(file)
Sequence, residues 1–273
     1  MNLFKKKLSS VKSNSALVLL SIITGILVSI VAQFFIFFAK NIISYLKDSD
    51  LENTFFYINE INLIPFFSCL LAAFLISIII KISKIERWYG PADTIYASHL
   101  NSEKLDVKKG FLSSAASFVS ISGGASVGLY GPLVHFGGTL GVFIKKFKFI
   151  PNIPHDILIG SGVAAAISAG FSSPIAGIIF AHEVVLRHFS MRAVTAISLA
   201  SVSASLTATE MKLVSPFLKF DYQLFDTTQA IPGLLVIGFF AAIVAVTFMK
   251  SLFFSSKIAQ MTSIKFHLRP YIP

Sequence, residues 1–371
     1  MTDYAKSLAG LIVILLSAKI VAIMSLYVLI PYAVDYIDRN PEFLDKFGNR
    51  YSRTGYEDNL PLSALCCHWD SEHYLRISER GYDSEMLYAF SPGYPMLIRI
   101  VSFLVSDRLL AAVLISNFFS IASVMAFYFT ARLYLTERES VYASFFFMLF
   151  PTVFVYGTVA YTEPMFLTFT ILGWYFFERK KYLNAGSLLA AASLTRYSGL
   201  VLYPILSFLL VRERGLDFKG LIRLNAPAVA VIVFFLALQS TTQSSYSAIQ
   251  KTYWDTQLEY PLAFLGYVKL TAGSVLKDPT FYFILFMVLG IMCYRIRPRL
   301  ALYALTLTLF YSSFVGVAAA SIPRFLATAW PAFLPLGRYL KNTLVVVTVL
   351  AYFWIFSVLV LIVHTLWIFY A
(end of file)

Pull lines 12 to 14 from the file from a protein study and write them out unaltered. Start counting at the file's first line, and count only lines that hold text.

   151  PTVFVYGTVA YTEPMFLTFT ILGWYFFERK KYLNAGSLLA AASLTRYSGL
   201  VLYPILSFLL VRERGLDFKG LIRLNAPAVA VIVFFLALQS TTQSSYSAIQ
   251  KTYWDTQLEY PLAFLGYVKL TAGSVLKDPT FYFILFMVLG IMCYRIRPRL